[Viewpoint]Stick to fundamentals

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[Viewpoint]Stick to fundamentals

The price of a company’s stock is the most obvious and recognizable standard with which one can measure the performance of top business managers. From the perspective of a stockholder, the most desirable business manager is one who makes the company’s stock price rise in the market.
Since Korea introduced stock options in 1997, the concept that businesses evaluate the performance of managers with their companies’ stock price performance in the market is no longer new to us.
President-elect Lee Myung-bak, who was the chief executive officer of a big business conglomerate, is probably familiar with the practice of evaluating business achievements with stock prices.
That could be the reason why Lee visited a securities company in Yeouido on Dec. 14, during the height of the presidential election campaign. There, he said, “I am somebody who has managed a real economy, so I don’t like to make empty political rhetoric. I can assure you, however, it won’t be that difficult to attain a composite stock price index of 3,000 if a change of government takes place ... I expect the stock price index to go up to 5,000 if things go smoothly during the five years of my presidential term.”
It is easy to talk about raising the stock price index to 3,000. However, it will only be possible to raise Korea’s benchmark Kospi from 1,800 to 3,000 if the prices of 10 leading stocks in the market jump three to four times higher than their present market price. Moreover, the higher the stock prices go, the more difficult it will be to raise them even more. Even if the rate of increase is the same, it will be necessary to spend more money to raise the price of expensive stocks. It is much more difficult to raise the stock price index from 2,000 to 4,000 than from 1,000 to 2,000.
If Lee Myung-bak were the CEO of a big company, we could not blame him for painting a rosy picture of the future prospects of Korea’s stock market.
In 2000, Lee Ik-chi, a former chairman of Hyundai Securities Company, induced people to invest in securities when his company introduced the “Buy Korea Fund” by saying, “The composite stock price index will go up to 3,000 in three years, and 6,000 in six years.”
Not many people believed in his words. The stock price index plummeted to 504.6 that year.
It is very dangerous for the president-elect to make predictions about the future course of Korea’s stock market. That is particularly true because stock prices do not always accurately reflect the performance of the economy.
We can prove it by comparing the rates of stock price increases recorded during previous governments. Since 1980, the highest rate of increase was recorded under the Chun Doo Hwan administration. It was 425 percent. But during that same period, the prices of stocks in other countries rose a lot, too. If we compare Korea’s recent rate of stock price increases with those of the United States and Japan, we will find that Korea’s stock market achieved remarkable growth under the Roh Moo-hyun administration.
During the five years of the Roh government, Korea’s stock market grew 2.6 times and 3.4 times higher than Japan and the United States, respectively.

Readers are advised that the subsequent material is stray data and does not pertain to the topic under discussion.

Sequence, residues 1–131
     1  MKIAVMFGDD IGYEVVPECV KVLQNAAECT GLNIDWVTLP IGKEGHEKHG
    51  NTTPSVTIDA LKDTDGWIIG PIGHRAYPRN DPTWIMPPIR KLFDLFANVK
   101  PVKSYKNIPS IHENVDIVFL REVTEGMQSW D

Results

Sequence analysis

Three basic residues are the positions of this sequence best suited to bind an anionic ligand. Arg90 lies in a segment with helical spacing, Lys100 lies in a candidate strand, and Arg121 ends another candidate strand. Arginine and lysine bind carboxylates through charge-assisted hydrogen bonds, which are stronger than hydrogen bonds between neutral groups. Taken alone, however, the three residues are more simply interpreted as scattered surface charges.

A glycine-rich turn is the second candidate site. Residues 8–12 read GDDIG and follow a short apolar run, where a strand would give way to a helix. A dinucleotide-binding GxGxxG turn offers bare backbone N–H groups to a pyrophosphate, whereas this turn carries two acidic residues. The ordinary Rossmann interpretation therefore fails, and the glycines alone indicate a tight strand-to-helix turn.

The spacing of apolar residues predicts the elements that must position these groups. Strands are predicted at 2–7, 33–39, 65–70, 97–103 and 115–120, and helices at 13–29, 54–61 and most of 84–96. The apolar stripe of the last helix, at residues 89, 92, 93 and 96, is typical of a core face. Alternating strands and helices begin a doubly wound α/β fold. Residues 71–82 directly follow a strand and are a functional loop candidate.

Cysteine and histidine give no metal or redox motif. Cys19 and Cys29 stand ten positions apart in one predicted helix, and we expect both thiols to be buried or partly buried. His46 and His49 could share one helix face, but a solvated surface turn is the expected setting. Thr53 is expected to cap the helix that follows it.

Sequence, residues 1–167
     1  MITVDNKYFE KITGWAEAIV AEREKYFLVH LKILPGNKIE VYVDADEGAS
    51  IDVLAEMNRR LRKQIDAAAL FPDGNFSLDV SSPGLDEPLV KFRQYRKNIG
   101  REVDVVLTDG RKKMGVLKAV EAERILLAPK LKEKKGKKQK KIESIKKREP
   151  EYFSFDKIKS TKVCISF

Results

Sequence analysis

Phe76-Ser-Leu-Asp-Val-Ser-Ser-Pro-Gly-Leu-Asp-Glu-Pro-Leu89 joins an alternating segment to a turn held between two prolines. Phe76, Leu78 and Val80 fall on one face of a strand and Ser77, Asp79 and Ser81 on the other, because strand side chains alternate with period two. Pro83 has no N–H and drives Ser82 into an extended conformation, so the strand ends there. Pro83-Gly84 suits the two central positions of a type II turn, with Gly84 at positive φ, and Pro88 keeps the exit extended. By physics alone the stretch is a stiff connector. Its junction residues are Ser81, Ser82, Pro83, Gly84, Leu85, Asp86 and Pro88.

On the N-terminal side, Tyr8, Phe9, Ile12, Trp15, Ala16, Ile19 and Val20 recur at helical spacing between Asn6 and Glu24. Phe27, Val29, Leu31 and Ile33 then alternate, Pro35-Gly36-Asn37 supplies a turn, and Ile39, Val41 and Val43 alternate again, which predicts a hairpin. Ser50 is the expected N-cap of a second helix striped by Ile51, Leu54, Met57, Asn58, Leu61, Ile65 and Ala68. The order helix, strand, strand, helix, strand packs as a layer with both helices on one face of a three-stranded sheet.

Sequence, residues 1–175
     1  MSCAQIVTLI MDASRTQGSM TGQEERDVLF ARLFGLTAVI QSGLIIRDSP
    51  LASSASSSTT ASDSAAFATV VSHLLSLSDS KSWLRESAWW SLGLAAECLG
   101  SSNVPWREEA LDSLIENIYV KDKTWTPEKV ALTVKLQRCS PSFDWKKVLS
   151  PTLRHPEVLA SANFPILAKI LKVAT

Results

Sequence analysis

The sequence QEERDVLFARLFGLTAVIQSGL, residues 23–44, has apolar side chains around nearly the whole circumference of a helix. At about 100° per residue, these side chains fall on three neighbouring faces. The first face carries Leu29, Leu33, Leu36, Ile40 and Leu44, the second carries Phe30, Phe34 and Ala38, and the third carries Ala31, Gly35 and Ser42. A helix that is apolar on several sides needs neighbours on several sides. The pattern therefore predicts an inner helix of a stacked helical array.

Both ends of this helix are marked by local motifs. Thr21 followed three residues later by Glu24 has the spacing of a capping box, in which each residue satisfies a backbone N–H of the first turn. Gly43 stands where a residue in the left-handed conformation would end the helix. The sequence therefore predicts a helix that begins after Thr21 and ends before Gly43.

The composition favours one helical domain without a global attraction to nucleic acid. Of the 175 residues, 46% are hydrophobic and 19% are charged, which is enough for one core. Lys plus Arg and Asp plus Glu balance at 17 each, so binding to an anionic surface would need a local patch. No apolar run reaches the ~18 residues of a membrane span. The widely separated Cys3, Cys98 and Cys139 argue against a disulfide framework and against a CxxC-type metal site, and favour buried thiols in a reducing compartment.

This is why, whenever an economic issue came up, President Roh said boastfully, “Look at the rising stock prices!”
However, the economic reality went in the exact opposite direction of the stock price increase. The last 10 years, including five years under the Kim Dae-jung administration, was a dark age for Korea as far as the rate of investment was concerned.
The rate of increase in investment, which rose to double digits in the 1980s and 1990s, did not exceed the 3 percent mark on average during Roh’s term.
His distribution-centered policy, which divided people between the haves and have-nots, and stoked anti-business sentiment among officials chilled businesses’ investment psychology.
Their lack of investment resulted in more than 1 million youths being unemployed. As long as businesses refrain from making investments, there is no way that jobs can be created. While we pay attention to the rising stocks of export businesses which enjoy brisk exports to China, we seem to have overlooked the fundamental problems of our economy. I wonder whether the miserable defeat of the Roh administration in the presidential election was payback for its hubris. The high stock prices lulled the administration into thinking that the economy is sound.
Nowadays, the voices pointing out the downside of stock options are loud, even in the United States. They say that business managers are eager to introduce popular business policies to boost the price of stock, instead of improving the physical constitution of their businesses because they are paying too much attention to stock options. They even dare to manipulate the books. Because of this, the view that a CEO should be evaluated on the basis of his ability to raise the growth potential of a business, instead of stock prices, is gradually gaining strength.
It is even more undesirable that the leader of a nation sticks to stock prices.
If the president induces businesses to resume investments, and the stock prices rise due to stronger economic fundamentals resulting from investments, it will give added grace to something that is already beautiful. However, the price of a stock does not always rise in proportion to the strength of the economic fundamentals, because there are many other variables that determine stock prices. Already, domestic investors can see that much.
What the people want is to revive the economy, not raise stock prices.

*The writer is deputy business news editor of the JoongAng Ilbo.

by Jung Kyung-min
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